Printed from https://www.writing.com/main/newsletters/action/archives/id/12391-Word-Count.html
Short Stories: February 07, 2024 Issue [#12391]

 This week: Word Count
  Edited by: Annette
                             More Newsletters By This Editor  

Table of Contents

1. About this Newsletter
2. A Word from our Sponsor
3. Letter from the Editor
4. Editor's Picks
5. A Word from Writing.Com
6. Ask & Answer
7. Removal instructions

About This Newsletter

“Three carefully stringed words are worth more than a book of gibberish. It's not the word count but the impact of those words that counts.” ~ richelle e. goodrich

“It's not about how many words you write, but how good those words are.” ~ Oliver Markus Malloy, Inside The Mind of an Introvert

Word from our sponsor

Letter from the editor

Word Count

From "Dear Me: Official WDC Contest 2,000 words or less. A word count must be included in the body of your item (top or bottom, not in the intro/header).
From "HONORING OUR VETERANS Please post word count for Story and Line count for Poetry.
From "The Midnight Traveler's Contest Your entry can be up to 5000 words in length
From "WDC L'il Helper Contest All entries must be essays, articles or bulletins of no more than 1500 words. A word count must be posted either at the beginning or the end of your item.

Why is word count important and why should you care when working on a short story that you plan to submit to a contest?

Simple: Rules for contests are set up to create an even playing field.

Asking contestants to stay within a word count limit gives everyone an easy rule to follow.
A maximum word count challenges writers to say more with fewer words.
A minimum word count demands that writers come up with a story that is long, but holds the reader's attention.
There are also the short stories that demand exactly 40 words, or 100 words. Those are designed to get the writer to really wring the most out of every word while also reaching the needed word count.

Word count limits are also there to make the contest manageable for the judge or judges. Some contests get a lot of entries.

What tools can you use to figure out the word count of your story? Writing.Com has an approximate word count that shows up on the listings that are visible from a search. It is not accurate, so it cannot be used for contests. For example, the Writing.Com approximate counter listed "The Proposition with ~ 5140 words, but it is 6,193 words long.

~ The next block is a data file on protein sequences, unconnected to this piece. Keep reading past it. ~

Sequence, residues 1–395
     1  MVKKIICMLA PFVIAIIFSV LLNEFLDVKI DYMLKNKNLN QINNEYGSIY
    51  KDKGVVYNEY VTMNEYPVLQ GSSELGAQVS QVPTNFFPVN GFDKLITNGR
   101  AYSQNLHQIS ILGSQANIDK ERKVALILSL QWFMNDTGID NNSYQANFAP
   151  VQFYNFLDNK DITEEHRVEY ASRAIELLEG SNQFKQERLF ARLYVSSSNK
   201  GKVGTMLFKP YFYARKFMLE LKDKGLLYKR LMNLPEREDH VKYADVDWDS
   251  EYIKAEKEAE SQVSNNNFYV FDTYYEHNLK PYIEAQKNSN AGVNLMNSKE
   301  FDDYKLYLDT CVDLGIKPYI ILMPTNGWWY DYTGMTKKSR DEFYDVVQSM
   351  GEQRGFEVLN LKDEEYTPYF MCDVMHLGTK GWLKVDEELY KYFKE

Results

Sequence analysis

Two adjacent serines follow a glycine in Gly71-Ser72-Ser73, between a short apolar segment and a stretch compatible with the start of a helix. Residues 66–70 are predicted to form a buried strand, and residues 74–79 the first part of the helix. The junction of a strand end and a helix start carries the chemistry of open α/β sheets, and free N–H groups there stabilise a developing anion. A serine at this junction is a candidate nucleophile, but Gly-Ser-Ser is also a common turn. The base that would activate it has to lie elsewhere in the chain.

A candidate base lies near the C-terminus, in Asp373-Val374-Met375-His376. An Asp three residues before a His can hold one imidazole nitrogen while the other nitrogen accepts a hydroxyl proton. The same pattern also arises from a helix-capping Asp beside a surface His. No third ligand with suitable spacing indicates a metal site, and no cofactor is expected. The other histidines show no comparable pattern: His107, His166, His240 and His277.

The best way to find an accurate word count is to copy the whole text into a LibreOffice, Word, or Google document and use the word count function. There can be minor inconsitencies, depending on the way the tool counts words with dashes. Word count itself could be spelled as two words, as one word wordcount or with a dash word-count. In most cases, this small discrepancy isn't going to be an issue. Be careful with those micro fiction contests that demand an exact 40, 100 or other exact word count. Those hyphens can ruin your chances at winning or even having a qualified entry.

Have you ever been disqualified from a contest because you forgot to add a word count?
Or because you went under or over the limit?

Editor's Picks

 Dear Me  (E)
2024 Goals
#2312565 by Prosperous Snow Valentine

Silent Sleeper   (18+)
War never ends, even though the soldier is home.
#2312267 by Nixie

Puppet Master  (13+)
A story about a man with not too much good in his heart.
#2313112 by Choconut ~ Dragon Tamer

 Making the most of Your Portfolio  (E)
An easy guide to spicing up your portfolio.
#2312948 by Angelica- Covered in green

 22 Dancing Cows  (13+)
Dancing cows like none you've ever seen before!
#2312867 by Winchester Jones

The Proposition   (13+)
Elaina is offered 1,000,000 dollars to attend five parties. What's the Catch?
#1808130 by Jeannie

What Dreams Reveal  (18+)
Something evil is lurking in the dark
#2305730 by Tiggy

Goblin Girl  (13+)
Being a magical half-breed has Tarin leading a solitary life.
#2313025 by ❄️GeminiGem🦊

The Hanged Man  (13+)
Just how well can cards tell the future, anyway? [Special Writer's Cramp entry, 1/2024]
#2313042 by Soldier_Mike

Scapegoat  (13+)
A whipping boy's revenge. Co-winner, The Midnight Traveler's Contest, Jan 2024.
#2313000 by Beholden

Submit an item for consideration in this newsletter!

Word from Writing.Com

Have an opinion on what you've read here today? Then send the Editor feedback! Find an item that you think would be perfect for showcasing here? Submit it for consideration in the newsletter!

Don't forget to support our sponsor!

Ask & Answer

Replies to my last Short Stories newsletter "Writing.Com Time that asked Do you know what Writing.Com midnight is in your timezone?

Osirantinous wrote: I'm incredibly lucky to be in New Zealand, one of the first countries to see the new day - so when I'm running late for a contest - like it's already the 31st my time I know I've still got 12-odd hours before it's WDC time. On the downside, of course, when contests start on the first, I have to wait before it's the first WDC time. Right now, WDC time is my 18:00 on the same day. Daylight savings here or in the US can change that to 17:00 and 16:00. One year I happened to be in LA for a conference and I was writing for a contest - and I had to consciously remember that LA is BEHIND WDC time, so that was frazzling!

Living in L.A. time, I like that WdC midnight falls on 21:00 here. It's early enough if I want to have a post fall on (or close to) midnight. At the same time, it's late enough that I have the chance to use most of my waking hours if I want to finish something before the day is over.

dragonwoman wrote: Thanks for including Getting Terminated in your picks. Always smile when that happens.


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